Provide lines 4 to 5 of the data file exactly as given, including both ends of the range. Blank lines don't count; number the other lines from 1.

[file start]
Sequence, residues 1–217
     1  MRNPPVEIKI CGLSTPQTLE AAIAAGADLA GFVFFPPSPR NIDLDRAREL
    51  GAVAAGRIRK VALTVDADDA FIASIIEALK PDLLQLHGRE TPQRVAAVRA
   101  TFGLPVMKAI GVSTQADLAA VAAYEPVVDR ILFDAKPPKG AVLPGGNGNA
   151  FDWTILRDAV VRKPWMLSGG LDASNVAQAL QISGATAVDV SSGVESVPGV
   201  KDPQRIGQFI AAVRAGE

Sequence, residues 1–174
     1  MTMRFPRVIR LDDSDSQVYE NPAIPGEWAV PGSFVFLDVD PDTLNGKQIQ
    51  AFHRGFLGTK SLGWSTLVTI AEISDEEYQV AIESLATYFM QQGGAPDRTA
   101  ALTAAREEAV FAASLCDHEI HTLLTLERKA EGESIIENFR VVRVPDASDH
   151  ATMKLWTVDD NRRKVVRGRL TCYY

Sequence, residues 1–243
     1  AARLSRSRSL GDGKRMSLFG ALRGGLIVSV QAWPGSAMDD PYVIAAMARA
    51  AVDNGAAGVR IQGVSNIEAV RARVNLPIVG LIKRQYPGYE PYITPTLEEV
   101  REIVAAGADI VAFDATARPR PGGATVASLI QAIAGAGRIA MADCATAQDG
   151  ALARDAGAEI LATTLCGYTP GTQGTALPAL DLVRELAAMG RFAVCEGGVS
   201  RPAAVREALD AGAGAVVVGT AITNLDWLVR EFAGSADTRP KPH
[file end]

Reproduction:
   101  TFGLPVMKAI GVSTQADLAA VAAYEPVVDR ILFDAKPPKG AVLPGGNGNA
   151  FDWTILRDAV VRKPWMLSGG LDASNVAQAL QISGATAVDV SSGVESVPGV